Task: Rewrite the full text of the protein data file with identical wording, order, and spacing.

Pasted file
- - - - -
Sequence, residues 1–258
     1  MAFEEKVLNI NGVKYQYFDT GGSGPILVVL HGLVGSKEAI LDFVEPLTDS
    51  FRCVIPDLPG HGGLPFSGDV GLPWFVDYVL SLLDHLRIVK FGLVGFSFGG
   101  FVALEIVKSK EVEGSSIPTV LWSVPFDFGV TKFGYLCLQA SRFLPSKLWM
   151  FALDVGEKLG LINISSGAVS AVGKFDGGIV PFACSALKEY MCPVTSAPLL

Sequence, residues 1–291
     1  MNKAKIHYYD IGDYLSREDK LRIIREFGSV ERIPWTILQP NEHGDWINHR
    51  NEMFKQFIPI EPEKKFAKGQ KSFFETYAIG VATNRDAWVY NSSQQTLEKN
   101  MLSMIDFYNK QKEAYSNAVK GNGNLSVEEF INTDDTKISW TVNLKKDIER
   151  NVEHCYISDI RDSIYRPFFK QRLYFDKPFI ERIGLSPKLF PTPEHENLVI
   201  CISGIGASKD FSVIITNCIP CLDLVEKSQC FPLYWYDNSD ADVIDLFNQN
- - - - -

Sequence, residues 1–258
     1  MAFEEKVLNI NGVKYQYFDT GGSGPILVVL HGLVGSKEAI LDFVEPLTDS
    51  FRCVIPDLPG HGGLPFSGDV GLPWFVDYVL SLLDHLRIVK FGLVGFSFGG
   101  FVALEIVKSK EVEGSSIPTV LWSVPFDFGV TKFGYLCLQA SRFLPSKLWM
   151  FALDVGEKLG LINISSGAVS AVGKFDGGIV PFACSALKEY MCPVTSAPLL

Sequence, residues 1–291
     1  MNKAKIHYYD IGDYLSREDK LRIIREFGSV ERIPWTILQP NEHGDWINHR
    51  NEMFKQFIPI EPEKKFAKGQ KSFFETYAIG VATNRDAWVY NSSQQTLEKN
   101  MLSMIDFYNK QKEAYSNAVK GNGNLSVEEF INTDDTKISW TVNLKKDIER
   151  NVEHCYISDI RDSIYRPFFK QRLYFDKPFI ERIGLSPKLF PTPEHENLVI
   201  CISGIGASKD FSVIITNCIP CLDLVEKSQC FPLYWYDNSD ADVIDLFNQN